How do you know, with absolute certainty, what the DJI software is doing?  Why am I constantly alerted that my DJI software is consuming system resources & power when it has not been run?   Why do i get occasional pop ups alerting me "DJI Go has stopped" when it was never started?  Note for me this is older DJI software that predates the current NFZ/control craziness.  What is it doing?  What sites is it communicating with & what data is being transmitted?  How do you know?  

Personally I am totally opposed to this insane new world where government & corporations spy on everyone all the time.  As we see, all of this collected data is stored &, in the hands of nefarious people, can be used maliciously.  Even against the President.  DJI may be a private company, but it's a Chinese private company.  That makes it as "private" as the Communist Chinese government decides it can be.  What an incredible tool to have thousands of drones, all around the world, reporting back to China.  Is this really so far-fetched?

Again, how do you know what the DJI software is doing in the background?

2017-8-11
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hallmark007 Posted at 2017-8-11 01:39
This is complete hysteria, one thing here is , this is almost all about one country's distrust of the other and people who are portraying what on the face of it is their siege mentality, in the US you already sold your soul to your own technology companies, collecting data on people  is something your tech companies and government do on a daily basis , I live 3000 miles from the US and they are collecting it on me, so what's the answer here.
Throw away my phone laptop drones close my bank accounts divorce anyone with connections to me and what I do in my life , and go live in a cave, You might be seeing the Hysteria now.
The fact here is I can fly my drones in relative peace, I now know where NFZ are so that's a headache solved for me, if I need to fly them I can follow simple procedures and I have on a couple of occasions.

This is almost humorous.   You reside on a continent which has WILLFULLY placed itself under siege by a group of 7th century savages who OPENLY express their intent to conquer & eradicate Western civilization.  On a near daily basis they act on their agenda.  Just watch the news for today's edition.  France, Germany, Netherlands, Spain, Sweden, the United Kingdom.  All under open assault by folks they've invited in.  Some of these countries will cease to exist in their current form within a few decades.

But hey, life's all good right?  Islam is the "Religion of Peace," Allah is your friend, & DJI would never spy on you.  We're just a paranoid lot over here in the States.  Of course when someone is kicking your butt we'll be here for you...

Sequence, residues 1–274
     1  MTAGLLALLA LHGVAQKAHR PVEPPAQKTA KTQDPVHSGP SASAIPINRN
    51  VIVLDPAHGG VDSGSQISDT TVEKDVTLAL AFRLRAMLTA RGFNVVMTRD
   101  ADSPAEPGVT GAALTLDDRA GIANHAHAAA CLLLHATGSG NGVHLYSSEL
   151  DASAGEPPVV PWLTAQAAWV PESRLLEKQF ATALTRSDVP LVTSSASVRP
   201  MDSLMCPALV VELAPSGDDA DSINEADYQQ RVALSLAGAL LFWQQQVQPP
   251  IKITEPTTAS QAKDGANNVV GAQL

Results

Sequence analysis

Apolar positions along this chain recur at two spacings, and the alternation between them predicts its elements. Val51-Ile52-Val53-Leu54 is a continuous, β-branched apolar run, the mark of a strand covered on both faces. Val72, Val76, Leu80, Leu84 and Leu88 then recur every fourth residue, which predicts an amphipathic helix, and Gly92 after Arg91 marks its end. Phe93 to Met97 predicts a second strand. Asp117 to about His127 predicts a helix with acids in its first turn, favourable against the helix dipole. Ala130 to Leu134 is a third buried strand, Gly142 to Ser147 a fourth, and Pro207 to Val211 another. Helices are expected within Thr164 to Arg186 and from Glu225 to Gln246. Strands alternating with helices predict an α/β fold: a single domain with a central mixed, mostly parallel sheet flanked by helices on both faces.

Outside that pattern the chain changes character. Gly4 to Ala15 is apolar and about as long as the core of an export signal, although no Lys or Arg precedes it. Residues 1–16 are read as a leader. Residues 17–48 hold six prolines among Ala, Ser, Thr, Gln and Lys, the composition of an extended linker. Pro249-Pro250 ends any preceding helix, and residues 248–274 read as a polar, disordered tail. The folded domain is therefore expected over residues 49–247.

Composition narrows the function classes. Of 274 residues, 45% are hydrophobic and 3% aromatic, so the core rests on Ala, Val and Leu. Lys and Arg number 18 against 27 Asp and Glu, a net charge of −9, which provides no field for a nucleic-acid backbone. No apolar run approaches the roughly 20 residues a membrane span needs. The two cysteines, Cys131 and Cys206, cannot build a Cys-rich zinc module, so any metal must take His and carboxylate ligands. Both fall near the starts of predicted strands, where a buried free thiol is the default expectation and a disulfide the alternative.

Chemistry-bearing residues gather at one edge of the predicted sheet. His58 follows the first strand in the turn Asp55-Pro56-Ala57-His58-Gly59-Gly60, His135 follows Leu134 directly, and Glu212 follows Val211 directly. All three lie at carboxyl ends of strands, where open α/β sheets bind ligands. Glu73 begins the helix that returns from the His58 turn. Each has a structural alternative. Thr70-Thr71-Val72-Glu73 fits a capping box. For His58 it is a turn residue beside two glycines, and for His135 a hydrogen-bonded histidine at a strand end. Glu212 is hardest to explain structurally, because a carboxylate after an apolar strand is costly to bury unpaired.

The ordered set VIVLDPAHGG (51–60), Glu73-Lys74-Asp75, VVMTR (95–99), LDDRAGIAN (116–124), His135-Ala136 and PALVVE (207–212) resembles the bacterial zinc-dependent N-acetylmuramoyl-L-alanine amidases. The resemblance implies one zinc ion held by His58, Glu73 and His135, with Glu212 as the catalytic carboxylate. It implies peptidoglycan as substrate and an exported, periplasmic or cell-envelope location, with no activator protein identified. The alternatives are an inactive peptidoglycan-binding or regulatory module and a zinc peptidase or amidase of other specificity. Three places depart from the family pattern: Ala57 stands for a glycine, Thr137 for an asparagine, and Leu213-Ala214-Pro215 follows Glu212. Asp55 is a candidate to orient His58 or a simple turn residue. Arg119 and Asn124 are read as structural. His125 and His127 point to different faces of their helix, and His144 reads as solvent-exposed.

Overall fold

2017-8-11
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Nigel_
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"Where this whole thing went south is when DJI a private company in China, decided to take it upon themselves to police U.S. airways."

I don't think that there is a specific USA version of DJI's software, as far as I am aware the NFZ system is a global system except for some special requirements for oddly shaped NFZs in China.

It is not DJI that specifies the no fly zones in your country, that is under control of your government, if your government wants to give you freedom to fly anywhere, even down the centre of the runway at international airports then they can get all the USA no fly zones removed from the NFZ database, if you have restrictions then it is your government that is restricting your rights.  The database is not a DJI database or under DJI control but one shared by many in the consumer drone industry.

Some of your arguments are about professional or military use of drones, in which case they are irrelevant to consumer drones.  If you choose to use consumer drones for professional uses then you have to accept some limitations.

In my country, the only places the NFZ system is going to stop me from flying are places where I don't want my drone to fly and I don't want to see anyone else flying drones either, unless they have a good reason in which case they can accept responsibility and unlock the zone.

The fact that DJI is headquartered in China is irrelevant, we live in a global economy with every country having different laws but all sign up to the rules/laws of the World Trade Organisation including China, even the USA has signed up to the WTO!
2017-8-11
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Labroides Posted at 2017-8-11 00:07
Sorry but it wasn't well said at all.
It's ignorant paranoia and nonsense.
Look at the facts rather than listening to those peddling silly conspiracy theories.

WoW
...but not surprising and yet sad.

...but I wont call you ignorant or receptive to other's ideas or opinions, the hell I won't!
2017-8-11
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Dirty Bird
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Nigel_ Posted at 2017-8-11 04:35
"Where this whole thing went south is when DJI a private company in China, decided to take it upon themselves to police U.S. airways."

I don't think that there is a specific USA version of DJI's software, as far as I am aware the NFZ system is a global system except for some special requirements for oddly shaped NFZs in China.

Ford & GM dont write traffic laws.  Then again they havent taken it upon themselves to install software that forces drivers to get permission  on where, when, & how fast one can operate a vehicle.  This despite the fact that there are THOUSANDS of vehicular deaths each year.  To my knowledge there have been exactly ZERO deaths as a result of consumer drones...